Last week, former child star Kristy McNichol made the earth-shaking and surprising announcement that she is a lesbian (!), living with partner Martie Allen for the past twenty years.
“Show of hands: How many didn’t know Kristy McNichol was gay? Anyone? Anyone? Yeah. That’s what I thought.”
As stereotypical and politically incorrect as this may sound, that statement, made by a commenter on The Huffington Post, certainly reflected my own reaction. And I’m not the only one who sensed all along that McNichol was a lesbian – while she never publicly came out during her career, there was plenty of speculation about her sexuality throughout the celebrity gossip mill. In fact, many celebrities who eventually come out of the closet probably don’t realize how much they’re stating the obvious. Just as an example, the Huffington Post article about McNichol’s coming-out ended with a list of 25 other stars who “surprised the world” when they came out of the closet. While some people on the list really did surprise me when they came out (such as Kelly McGillis and Portia de Rossi), most of these gay-list celebrities were anything but surprising. Ellen DeGeneres. Elton John. Clay Aiken. George Michael. Adam Lambert. Neil Patrick Harris. Sean Hayes. Chris Colfer. Melissa Etheridge. Rosie O’Donnell. Need I say more?
So what is it that makes us able to peg these celebrities as gay? Now we’re getting into the realm of “gay-dar” – that sixth sense that many people claim to have when determining whether someone is gay or straight. As fuzzy of a concept as it seems, gay-dar is a fairly well-researched area. The studies seem to address two major questions: (1) Is gay-dar accurate? and (2) What cues, exactly, do we tend to use when making this gay vs. straight determination?
Let’s start with accuracy. In a 2010 study published in the Archives of Sexual Behavior, participants rated sexual orientation by looking at pictures, watching brief videos, and listening to sound recordings of gay men and heterosexual men. In the words of the researchers, “[s]exual orientation was assessed with high, though imperfect, accuracy.” To get a little more specific, a series of studies conducted by Nicholas Rule of the University of Toronto indicate that people can judge sexual orientation in a split second (30 milliseconds, to be exact) with a 70 percent accuracy rate. That’s pretty amazing, if you think about it.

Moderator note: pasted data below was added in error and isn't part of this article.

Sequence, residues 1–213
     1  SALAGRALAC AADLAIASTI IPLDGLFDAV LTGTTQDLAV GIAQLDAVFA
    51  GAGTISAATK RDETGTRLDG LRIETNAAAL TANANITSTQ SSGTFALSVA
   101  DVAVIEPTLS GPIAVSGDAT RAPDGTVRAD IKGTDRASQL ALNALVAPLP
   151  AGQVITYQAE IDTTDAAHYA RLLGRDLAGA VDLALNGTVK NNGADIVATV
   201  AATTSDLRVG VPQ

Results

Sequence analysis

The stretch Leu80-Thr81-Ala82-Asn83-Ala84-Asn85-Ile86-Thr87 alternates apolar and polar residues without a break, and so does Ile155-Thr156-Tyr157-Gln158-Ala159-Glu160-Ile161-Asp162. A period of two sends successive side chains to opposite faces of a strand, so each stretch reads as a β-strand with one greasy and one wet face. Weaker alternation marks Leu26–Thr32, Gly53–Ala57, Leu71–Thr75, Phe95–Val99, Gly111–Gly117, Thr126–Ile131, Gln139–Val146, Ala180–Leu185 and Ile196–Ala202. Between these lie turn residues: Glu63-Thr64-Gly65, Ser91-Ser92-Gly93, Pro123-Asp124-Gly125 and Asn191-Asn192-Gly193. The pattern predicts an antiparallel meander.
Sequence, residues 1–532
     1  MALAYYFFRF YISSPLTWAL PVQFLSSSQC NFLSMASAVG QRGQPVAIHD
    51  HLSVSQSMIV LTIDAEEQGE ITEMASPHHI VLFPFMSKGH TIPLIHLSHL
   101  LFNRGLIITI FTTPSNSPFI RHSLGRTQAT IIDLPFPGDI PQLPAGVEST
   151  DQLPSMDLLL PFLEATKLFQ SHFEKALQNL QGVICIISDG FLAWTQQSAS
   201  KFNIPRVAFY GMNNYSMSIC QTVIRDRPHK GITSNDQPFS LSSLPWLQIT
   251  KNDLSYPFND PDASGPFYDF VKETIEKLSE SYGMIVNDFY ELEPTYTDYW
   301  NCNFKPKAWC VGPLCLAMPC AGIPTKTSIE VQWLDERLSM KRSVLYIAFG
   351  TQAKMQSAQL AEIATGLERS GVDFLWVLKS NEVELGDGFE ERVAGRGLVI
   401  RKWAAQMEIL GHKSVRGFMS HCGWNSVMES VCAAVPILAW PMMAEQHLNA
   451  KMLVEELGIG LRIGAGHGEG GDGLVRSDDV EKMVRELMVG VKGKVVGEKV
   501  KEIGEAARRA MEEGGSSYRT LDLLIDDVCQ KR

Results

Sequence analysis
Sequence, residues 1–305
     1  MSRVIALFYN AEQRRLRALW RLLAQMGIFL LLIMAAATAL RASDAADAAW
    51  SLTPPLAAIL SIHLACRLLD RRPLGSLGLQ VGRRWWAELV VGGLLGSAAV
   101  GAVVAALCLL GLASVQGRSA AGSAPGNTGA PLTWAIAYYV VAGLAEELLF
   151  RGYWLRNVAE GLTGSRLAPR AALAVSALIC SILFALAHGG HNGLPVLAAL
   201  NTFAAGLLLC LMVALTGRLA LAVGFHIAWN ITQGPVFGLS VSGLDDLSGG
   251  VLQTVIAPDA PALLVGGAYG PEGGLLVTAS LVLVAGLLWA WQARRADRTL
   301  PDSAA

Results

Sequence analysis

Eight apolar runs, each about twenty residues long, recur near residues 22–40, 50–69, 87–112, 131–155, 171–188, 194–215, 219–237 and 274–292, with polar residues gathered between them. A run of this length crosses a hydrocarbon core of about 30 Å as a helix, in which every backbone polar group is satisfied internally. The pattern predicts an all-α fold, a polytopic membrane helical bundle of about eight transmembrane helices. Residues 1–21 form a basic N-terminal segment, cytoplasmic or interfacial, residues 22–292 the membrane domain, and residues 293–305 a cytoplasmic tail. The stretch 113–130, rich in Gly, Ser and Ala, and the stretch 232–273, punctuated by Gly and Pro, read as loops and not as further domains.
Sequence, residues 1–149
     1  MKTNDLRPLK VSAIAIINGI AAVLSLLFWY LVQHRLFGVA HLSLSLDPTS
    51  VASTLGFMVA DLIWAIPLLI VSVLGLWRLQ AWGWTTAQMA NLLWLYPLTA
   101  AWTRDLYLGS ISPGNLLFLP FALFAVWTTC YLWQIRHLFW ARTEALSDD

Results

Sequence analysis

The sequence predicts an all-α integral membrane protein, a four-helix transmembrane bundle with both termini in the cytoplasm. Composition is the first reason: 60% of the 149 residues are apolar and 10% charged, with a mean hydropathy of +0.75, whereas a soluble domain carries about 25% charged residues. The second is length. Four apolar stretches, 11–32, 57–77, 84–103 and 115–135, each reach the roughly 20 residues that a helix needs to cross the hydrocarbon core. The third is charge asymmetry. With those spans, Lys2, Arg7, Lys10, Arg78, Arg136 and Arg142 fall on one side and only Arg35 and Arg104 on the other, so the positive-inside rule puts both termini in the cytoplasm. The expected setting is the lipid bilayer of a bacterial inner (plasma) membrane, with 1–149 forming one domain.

So what cues are we picking up on in those 33 milliseconds that allow us to judge sexual orientation so accurately? Although many gay-dar hypotheses exist, some argue that what we’re using boils down to nothing more than obvious stereotypes – and, to some extent, that may be true. The “gay lisp” is a good example of this. As stereotypical as this sounds, quite a few linguists and psychological researchers have studied the presence and qualities of the “gay accent” – a distinctive, unique dialect, independent of geographic location (at least in the United States), that tends to characterize the speech of some (but not all) gay men. The gay accent, however, is one of the more stereotypical cues we might use, and it probably won’t lead to a 70 percent accuracy rate. In fact, if we only relied upon the gay accent, then our gay-dar would be pretty crude, rudimentary, and potentially dangerous, relying solely on exaggerated stereotypes and only accurately identifying those who fit the stereotypes.
And yet, I think we could make the argument that gay-dar is a highly refined, albeit poorly understood, cognitive instrument. Judging from the Archives of Sexual Behavior study, when research participants listened to sound recordings of gay men, it didn’t take long at all to make an accurate assessment of the speaker’s sexual orientation. There was no conscious “analysis” of the qualities of the speaker’s dialect – instead, a judgment, usually accurate, was made in the blink of an eye. And when we look at Nicholas Rule’s work, not only did people assign a sexual orientation quickly and accurately, they did so with very little information to go on. In one study, participants looked at photos of eyes, and nothing else – and they still made accurate judgments in a split second. I’d challenge an artificial intelligence expert to come up with an algorithm that enables a computer to rate sexual orientation with that level of accuracy – a tall order, given that we’re probably using very subtle and implicit cues to make these judgments.
Of course, most of this research focuses on men (again), which doesn’t help us much with the Kristy McNichol question. And, of course, women complicate the picture – especially given that women’s sexual orientation tends to be more fluid than that of men. Why was Kristy McNichol’s coming out announcement no big surprise – but Meredith Baxter’s was (at least to me)? Is it just coincidence that almost all of the men, but only some of the women on the Huffington Post’s “surprised the world” list, were predictably gay? Gay-dar may seem like a fluffy and frivolous research topic, but I think it could actually help us better understand the distinctions between male sexual orientation and female sexual orientation – and open the door to grasping the complexities of the human mind.